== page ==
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I have the following problem: when I try to save the file that contains a semicolon in the name it returns a huge and weird stacktrace of the characters on the page. I've tried to escape, to trim and to replace those semicolons, but the result is still the same. I use the following regex:

$value =~ s/([^a-zA-Z0-9_\-.]|;)/uc sprintf("%%%02x",ord($1))/eg;

(I've even added the |; part separately..)

So, when I open the file to write and call the print function it returns lots of weird stuff, like that:

PK!}�3y�[Content_Types].xml ���/�h9\�?�0���cz��:� �s_����o���>�T�� (it is a huge one, this is just a part of it).

Is there any way I could avoid this?

Thank you in advance!

EDIT:

Just interested - what is the PK responsible of in this string? I mean I can understand that those chars are just contents of the file, but what is PK ? And why does it show the content type?

EDIT 2.0:

I'm uploading the .docx file - when the name doesn't contain the semicolon it works all fine. This is the code for the file saving:

open (QSTR,">", "$dest_file") or die "can't open output file: $qstring_file";
print QSTR $value;
close (QSTR);

EDIT 3.0

This is a .cgi script, that is called after posting some data to the server. It has to save some info about the uploading file to a temp file (name, contents, size) in the manner of key-value pairs. So any file that contains the semicolon causes this error.

EDIT 4.0 Found the cause:

The CGI param function while uploading the params counts semicolon as the delimiter! Is there any way to escape it in the file header?

share|improve this question
    
Can you show us the code that you're using to save the file? I suspect that it's actually working properly, but the data that you're writing to the file simply isn't plain text - it's something like Postscript or PDF. I don't know what format the PK! marker actually indicates, but using your shell's file command might identify the format. In any case, I highly doubt that the filename is relevant to this. –  Dave Sherohman Jul 15 '13 at 8:21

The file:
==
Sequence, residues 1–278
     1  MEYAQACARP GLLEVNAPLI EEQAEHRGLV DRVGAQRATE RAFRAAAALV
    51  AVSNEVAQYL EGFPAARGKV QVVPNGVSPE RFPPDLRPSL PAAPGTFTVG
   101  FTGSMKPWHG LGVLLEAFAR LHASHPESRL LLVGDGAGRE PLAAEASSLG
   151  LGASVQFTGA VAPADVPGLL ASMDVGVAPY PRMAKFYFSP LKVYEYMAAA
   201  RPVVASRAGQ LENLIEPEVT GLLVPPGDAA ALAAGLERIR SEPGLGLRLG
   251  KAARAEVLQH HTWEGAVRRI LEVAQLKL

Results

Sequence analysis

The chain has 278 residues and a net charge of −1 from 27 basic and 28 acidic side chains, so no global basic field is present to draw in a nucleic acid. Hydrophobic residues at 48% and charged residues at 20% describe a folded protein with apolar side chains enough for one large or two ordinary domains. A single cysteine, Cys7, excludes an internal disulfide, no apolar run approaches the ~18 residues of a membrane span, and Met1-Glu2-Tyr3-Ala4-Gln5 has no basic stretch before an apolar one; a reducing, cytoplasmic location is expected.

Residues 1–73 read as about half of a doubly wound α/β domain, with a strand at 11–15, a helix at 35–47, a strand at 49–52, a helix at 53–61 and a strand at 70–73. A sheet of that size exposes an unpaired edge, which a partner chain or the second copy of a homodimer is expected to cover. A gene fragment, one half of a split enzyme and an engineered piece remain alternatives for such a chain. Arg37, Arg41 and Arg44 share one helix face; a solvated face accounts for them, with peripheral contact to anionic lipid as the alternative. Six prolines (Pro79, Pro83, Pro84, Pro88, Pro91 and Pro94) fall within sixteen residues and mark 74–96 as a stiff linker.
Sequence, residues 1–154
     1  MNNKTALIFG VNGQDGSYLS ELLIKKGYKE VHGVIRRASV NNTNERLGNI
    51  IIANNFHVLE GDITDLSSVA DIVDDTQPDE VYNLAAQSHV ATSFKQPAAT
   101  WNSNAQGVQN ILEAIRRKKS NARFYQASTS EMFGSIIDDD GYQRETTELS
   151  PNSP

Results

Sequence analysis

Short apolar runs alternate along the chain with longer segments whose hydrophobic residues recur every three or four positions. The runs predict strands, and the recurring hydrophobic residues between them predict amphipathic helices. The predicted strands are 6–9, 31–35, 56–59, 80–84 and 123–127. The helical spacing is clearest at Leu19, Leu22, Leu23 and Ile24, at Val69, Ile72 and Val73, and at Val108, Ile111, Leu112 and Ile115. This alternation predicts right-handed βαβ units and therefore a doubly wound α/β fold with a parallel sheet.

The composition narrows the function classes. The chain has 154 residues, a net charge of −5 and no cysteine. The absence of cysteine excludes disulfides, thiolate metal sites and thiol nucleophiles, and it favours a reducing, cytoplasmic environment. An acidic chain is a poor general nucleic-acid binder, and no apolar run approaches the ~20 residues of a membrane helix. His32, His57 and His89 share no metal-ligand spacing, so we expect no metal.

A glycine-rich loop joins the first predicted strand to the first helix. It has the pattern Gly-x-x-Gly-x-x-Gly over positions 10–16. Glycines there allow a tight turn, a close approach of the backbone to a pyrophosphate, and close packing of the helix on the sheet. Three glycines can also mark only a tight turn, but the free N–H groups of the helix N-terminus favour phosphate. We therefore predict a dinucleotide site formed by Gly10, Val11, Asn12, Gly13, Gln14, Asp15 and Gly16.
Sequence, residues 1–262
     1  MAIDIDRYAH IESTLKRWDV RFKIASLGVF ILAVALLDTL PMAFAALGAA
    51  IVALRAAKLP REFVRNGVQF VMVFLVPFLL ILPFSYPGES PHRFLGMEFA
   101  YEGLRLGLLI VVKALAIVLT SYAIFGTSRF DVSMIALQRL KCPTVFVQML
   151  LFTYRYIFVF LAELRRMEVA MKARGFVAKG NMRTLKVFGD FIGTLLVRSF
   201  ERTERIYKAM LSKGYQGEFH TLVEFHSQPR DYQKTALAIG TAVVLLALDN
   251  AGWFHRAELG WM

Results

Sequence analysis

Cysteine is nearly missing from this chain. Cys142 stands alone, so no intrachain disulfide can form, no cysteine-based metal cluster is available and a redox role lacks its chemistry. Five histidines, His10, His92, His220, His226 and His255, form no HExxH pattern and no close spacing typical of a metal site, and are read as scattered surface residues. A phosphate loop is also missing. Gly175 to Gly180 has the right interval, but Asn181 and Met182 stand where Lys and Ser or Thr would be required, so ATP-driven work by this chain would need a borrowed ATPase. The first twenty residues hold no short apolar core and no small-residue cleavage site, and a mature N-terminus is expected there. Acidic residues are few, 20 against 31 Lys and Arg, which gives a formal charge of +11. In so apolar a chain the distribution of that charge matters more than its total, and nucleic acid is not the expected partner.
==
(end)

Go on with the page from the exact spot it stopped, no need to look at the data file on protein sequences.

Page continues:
Sure. The edit is done. The file is not just text, you are right. –  Constantine Novykov Jul 15 '13 at 8:23
    
What about a bit more of context? You mention "the page". So is this some sort of web-app? Based on what framework? You say "I'm uploading the .docx file". What file? Uploading it where? And when? Does this trigger the error? What does PK mean? –  innaM Jul 15 '13 at 8:28

1 Answer 1

The PK in file header it means it is compressed ZIP like file, like docx.

One guess: The ; is not valid character in filename at the destination?

Your regexp is not good: (the dot alone is applicable to any character...)

$value =~ s/([^a-zA-Z0-9_\-.]|;)/uc sprintf("%%%02x",ord($1))/eg;

Try this:

#replace evey non valid char to underscore
$value =~ s/([^a-zA-Z0-9_\-\.\;])/_/g;
share|improve this answer
    
I've already tried this before, thank you. Still, no luck. :( –  Constantine Novykov Jul 15 '13 at 9:16
    
Hey, found the real problem. The CGI param function while uploading the params counts semicolon as the delimiter! Is there any way to escape it in the file header? –  Constantine Novykov Jul 15 '13 at 9:21
    
So it is uploading. Maybe it is working in newer CGI: grokbase.com/t/perl/perl5-porters/05b4d4x1f9/… –  user1126070 Jul 15 '13 at 9:29
    
The problem appears in the CGI upload function that counts semicolon as the delimiter. Now I need to find out how to avoid this :) –  Constantine Novykov Jul 15 '13 at 9:30

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